A group of British exploration companies have found oil and gas in an area north of the Falkland Islands. The Argentine government has threatened to challenge all exploration and drilling efforts in court.
The discoveries by the Zebedee exploration well were described by companies involved as “better than expected”.
The oil explorers said they found 27.9 meters of net-oil bearing reservoir and 18.5 meters of net gas-bearing reservoir. The license area being explored is 40 percent owned by Falklands Oil and Gas, 36 percent by Premiere Oil and 24 percent by Rockhopper Exploration.
“This is a fantastic start to the 2015 Falklands drilling campaign and provides early proof of the significant remaining potential of the North Falklands Basin,” said Samuel Moody, chief executive at Rockhopper, in a statement.
The oil was found by the Eirik Raude floating drilling rig as part of an eight month exploration campaign. After this it is due to drill an exploration well at the Elaine/Isobel fan complex in the southern part of the North Falkland Basin. The rig will then move to sites to the east and south of the Falkland Islands.
Argentina has predictably not been happy about the exploration activity, which is bound to further inflame tensions over the island’s disputed ownership.
The Malvinas – as the the Falklands are called in Argentina – Islands Affairs Secretary Daniel Filmus told the state run agency Telam that the Foreign Affairs Ministry and the Planning Ministry are going to carry out a joint legal case against the oil and gas exploration.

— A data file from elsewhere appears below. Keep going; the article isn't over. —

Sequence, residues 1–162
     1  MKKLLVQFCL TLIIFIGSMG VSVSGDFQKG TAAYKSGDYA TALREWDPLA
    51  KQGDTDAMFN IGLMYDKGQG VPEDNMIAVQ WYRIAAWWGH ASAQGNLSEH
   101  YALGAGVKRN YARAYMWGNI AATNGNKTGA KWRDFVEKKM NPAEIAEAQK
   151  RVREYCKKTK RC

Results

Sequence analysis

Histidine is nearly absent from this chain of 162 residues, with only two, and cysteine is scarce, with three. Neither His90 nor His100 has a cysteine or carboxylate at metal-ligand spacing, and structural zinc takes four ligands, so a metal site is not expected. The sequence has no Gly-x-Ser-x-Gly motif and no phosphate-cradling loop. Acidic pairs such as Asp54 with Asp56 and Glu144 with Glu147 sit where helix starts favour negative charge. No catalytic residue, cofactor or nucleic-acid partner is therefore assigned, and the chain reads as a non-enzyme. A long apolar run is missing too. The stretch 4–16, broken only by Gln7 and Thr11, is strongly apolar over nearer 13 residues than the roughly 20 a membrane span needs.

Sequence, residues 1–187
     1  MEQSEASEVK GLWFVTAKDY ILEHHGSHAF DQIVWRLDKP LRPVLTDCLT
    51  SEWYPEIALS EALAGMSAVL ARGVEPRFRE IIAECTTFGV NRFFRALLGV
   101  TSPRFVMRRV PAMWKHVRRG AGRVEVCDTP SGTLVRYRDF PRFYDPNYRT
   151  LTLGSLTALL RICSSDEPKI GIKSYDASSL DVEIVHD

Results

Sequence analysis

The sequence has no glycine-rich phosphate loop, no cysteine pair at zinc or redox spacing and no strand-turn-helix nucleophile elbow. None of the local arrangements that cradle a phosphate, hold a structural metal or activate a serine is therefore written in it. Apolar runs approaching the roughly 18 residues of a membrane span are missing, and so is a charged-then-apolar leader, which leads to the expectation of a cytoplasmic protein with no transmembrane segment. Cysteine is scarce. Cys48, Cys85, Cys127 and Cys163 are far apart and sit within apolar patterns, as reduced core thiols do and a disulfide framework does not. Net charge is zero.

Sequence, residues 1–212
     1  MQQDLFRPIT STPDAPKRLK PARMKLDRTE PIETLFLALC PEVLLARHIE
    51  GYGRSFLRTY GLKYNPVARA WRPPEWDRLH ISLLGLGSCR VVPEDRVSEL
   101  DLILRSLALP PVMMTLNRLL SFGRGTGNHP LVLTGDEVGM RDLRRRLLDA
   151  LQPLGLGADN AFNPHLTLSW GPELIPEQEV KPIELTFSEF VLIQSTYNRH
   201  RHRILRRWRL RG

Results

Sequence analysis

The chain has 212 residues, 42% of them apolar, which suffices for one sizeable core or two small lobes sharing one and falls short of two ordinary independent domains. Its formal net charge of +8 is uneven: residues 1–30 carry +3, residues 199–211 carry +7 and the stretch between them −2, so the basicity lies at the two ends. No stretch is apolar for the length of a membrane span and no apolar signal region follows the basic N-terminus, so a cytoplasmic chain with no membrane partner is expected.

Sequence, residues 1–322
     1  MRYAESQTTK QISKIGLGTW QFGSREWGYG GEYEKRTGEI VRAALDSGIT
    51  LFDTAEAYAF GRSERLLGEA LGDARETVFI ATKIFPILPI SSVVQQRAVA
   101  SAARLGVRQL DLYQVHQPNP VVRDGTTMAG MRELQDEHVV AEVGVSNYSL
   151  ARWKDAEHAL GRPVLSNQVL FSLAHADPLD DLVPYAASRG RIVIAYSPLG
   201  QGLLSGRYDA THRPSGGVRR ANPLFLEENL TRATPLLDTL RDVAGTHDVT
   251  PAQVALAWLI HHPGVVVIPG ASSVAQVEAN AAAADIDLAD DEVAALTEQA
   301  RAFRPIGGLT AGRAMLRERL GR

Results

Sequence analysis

“A new offshore oil platform has just arrived in the islands to carry out some of the most important exploration efforts to try to find hydrocarbons in the area, which carries a huge environmental risk. We want the owners of the companies to be tried according to Argentine laws and international statutes,” Filmus said, as cited by the Buenos Aires Herald.
Argentina claims that drilling for oil off the Falkland Islands is illegal and the Argentinian embassy in London issued a statement in November 2013 that British oil executives face up to 15 years in prison and fines equivalent to 1.5 million barrels of oil as well as the confiscation of equipment and any hydrocarbons extracted.
The UK Foreign Office disputed the claim and said “the UK government unequivocally supports the right of the Falkland Islanders to develop their natural resources for their own economic benefit.”
As tensions continue to mount over the islands, British Defense Secretary Michael Fallon announced in March an increase in the island’s defenses, including boosting the 1,200 troops already stationed there and modernizing the Rapier anti-aircraft missile battery.